Making Revolution Strange/r: Viktor Shklovsky and the Bolsheviks
1978. When Serena Vitale, an Italian writer and translator, managed her third meeting with Viktor Shklovsky (1893-1984), the proponent of Russian Formalism, she ventured a point-blank query: “How would you explain why the younger generations [in Russia] consider you a writer, so to speak, of the establishment?” the senile yet spry critic turned red and yelled, “Get out of here!”
Vitale's reference to the “establishment” must have reminded Shklovsky of a series of stormy events following 1917 – a curious year that witnessed the Bolshevik Revolution and the publication of Shklovsky's article, “Art as Technique,” which provided impetus to Formalism, the artistic revolution that shook the literary world for a while. The coupling of the two revolutions is telling and ironic. It is telling as the emergence of Russian Formalism, a critical school that foregrounds the liberating power of art, coincided with the Bolshevik Revolution. It is ironic as Shklovsky's presumptuous promotion of making art autonomous surfaced only to confront the Soviet dictates of socialist realism that assert the social functions of art but that sometimes discount aesthetics for the sake of propaganda.
But Vitale's suggestion of conformity to the “establishment” must have also hurt the old Shklovsky who in his youth dared a consistently troubling – neither antagonistic nor obeisant – relation with the political and artistic establishments in both pre- and post-Revolution Russia. At an early age, he had become a part of pre-Revolution Russian Futurism, an anti-establishment literary movement, which brought him close to the poet, Vladimir Mayakovsky, who would become the major poet of post-Revolution Soviet Russia. He had fought inWorld War I, become a driving trainer, and had a bomb exploding in his hands. At the same time, in 1916, he had founded OPOYAZ (Society for the Study of Poetic Language), the Petrograd/Leningrad Formalist group. He participated in the “bourgeois” February Revolution in 1917, which succeeded in overthrowing the Tsar; but he also took part in the anti-Bolshevik movements in 1918, which forced him to go into hiding. In 1922, he had to flee Russia for Berlin with an arrest warrant issued against him as a political enemy because of his involvement with the Socialist Revolutionary Party. But the very next year he was back due to the intervention of Maxim Gorky and Mayakovsky. In 1930, it was the same Shklovsky who publicly recanted his formalist precepts while Formalism, deemed by many Bolsheviks “cosmopolitan,” was officially banned in 1936. For the curious souls who were wondering what was wrong with Formalism that it would so perturb post-Revolution Soviet ideologues, here is the one-word answer: ostranenie, that is to say, “defamiliarization” or “estrangement”!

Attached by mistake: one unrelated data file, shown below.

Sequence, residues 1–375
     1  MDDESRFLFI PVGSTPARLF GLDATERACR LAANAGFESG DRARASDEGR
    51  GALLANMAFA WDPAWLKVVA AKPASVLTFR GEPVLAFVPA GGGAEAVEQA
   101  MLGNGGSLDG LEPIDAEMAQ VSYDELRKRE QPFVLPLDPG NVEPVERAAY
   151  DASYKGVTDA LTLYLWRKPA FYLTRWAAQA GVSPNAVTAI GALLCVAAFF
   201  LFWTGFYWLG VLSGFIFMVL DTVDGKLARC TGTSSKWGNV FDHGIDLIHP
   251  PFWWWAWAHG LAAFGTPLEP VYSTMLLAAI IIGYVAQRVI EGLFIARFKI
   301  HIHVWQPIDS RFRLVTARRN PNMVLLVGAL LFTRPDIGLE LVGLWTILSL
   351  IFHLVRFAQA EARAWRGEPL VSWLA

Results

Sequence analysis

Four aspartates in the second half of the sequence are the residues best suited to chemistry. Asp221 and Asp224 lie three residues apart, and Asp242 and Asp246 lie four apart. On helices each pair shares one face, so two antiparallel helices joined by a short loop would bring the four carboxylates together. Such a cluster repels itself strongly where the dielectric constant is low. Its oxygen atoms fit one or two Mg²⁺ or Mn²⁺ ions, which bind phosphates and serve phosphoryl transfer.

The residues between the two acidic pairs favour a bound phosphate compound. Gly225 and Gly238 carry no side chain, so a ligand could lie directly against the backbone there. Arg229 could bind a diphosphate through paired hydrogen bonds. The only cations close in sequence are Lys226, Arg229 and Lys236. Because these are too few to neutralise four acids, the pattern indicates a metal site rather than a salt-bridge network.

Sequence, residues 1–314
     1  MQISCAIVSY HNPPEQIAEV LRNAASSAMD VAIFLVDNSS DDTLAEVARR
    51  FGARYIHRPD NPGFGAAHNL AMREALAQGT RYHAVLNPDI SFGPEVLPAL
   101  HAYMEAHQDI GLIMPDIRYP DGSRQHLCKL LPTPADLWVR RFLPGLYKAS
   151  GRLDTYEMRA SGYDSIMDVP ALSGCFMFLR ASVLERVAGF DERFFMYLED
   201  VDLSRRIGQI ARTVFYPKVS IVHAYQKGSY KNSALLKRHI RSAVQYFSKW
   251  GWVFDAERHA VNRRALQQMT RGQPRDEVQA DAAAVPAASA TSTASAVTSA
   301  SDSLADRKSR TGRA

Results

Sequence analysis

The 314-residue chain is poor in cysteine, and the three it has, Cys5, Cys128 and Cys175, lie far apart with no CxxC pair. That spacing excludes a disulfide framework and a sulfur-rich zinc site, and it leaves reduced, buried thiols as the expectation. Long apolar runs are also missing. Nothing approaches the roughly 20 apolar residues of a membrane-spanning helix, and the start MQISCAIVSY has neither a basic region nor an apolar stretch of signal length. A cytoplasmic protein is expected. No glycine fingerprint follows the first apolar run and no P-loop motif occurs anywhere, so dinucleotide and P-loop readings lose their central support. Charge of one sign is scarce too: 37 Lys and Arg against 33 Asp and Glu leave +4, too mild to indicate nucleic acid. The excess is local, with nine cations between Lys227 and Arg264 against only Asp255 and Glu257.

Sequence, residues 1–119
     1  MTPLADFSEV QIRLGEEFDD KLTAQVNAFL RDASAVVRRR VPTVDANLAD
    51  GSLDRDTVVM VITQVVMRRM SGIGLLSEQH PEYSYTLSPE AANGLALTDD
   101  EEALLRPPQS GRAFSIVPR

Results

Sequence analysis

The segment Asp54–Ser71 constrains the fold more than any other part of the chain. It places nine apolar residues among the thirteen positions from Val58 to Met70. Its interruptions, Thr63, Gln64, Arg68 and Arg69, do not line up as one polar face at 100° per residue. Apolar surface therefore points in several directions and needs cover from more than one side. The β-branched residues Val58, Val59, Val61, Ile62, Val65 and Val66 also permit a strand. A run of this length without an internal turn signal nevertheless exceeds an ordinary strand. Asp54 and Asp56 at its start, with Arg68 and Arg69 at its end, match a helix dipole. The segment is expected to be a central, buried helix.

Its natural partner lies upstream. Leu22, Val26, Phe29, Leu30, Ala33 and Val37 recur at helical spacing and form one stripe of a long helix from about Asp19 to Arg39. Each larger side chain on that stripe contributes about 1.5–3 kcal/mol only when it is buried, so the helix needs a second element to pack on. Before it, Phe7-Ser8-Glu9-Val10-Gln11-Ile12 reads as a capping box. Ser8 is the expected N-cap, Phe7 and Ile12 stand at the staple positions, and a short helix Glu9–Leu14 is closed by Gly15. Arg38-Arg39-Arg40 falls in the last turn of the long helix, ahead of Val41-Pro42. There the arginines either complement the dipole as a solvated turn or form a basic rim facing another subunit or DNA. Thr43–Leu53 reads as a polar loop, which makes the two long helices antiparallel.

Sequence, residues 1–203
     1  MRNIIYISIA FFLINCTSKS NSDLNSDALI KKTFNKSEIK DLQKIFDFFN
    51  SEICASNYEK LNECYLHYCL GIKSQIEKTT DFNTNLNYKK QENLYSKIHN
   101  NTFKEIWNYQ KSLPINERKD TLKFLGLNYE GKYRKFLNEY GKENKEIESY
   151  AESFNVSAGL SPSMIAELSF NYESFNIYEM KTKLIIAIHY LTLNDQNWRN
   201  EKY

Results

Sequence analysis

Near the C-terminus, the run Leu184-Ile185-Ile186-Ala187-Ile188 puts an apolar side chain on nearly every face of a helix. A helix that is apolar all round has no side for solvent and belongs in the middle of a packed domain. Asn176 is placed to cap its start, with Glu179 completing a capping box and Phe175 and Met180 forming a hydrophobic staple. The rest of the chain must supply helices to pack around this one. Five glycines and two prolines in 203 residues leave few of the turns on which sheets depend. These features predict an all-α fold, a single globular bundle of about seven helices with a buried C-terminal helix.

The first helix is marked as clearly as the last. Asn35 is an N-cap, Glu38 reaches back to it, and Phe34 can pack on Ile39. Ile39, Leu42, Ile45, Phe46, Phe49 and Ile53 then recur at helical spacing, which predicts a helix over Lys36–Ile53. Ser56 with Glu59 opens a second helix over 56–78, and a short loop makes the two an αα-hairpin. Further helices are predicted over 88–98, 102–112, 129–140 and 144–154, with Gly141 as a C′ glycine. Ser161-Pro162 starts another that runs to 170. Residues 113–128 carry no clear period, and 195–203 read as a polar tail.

For Shklovsky, art is an emancipatory means, which glides a reader from her/his complacent way of recognizing reality to an enabling way of seeing things. Recognition is an “algebraic” mode of “automatized perception”: due to habituation, we often just recognize a thing as it appears to be without noticing what it is like. On the other hand, seeing is perceiving things “in their entirety.” So, what makes art art (and literature literature) is not what it is ostensibly about; rather, the artistic-literary devices the artist deploys are crucial. Thus, the suicide of a young man can make for an interesting piece of news or an intriguing sonnet, yet, in spite of having the same content, the news and the poem may not have the same theme: news presents the event as just one of the many events on that day, while the poem laments the loss.
What, then, makes news literal, objective, and informative, but renders a poem literary, perceptive, and affective? For Shklovsky, art is art because of its artistic techniques. To be precise, art is technique: “Art is a way of experiencing the artfulness of an object: the object is not important.” But what is the use of experiencing this “artfulness”? It shakes us out of our habituated boredom, slavish sluggish complacency, and readymade acceptance, getting us to understand that things are not only as we have perceived them; they can be different; they are different. This experience of difference is what art generates through ostranenie.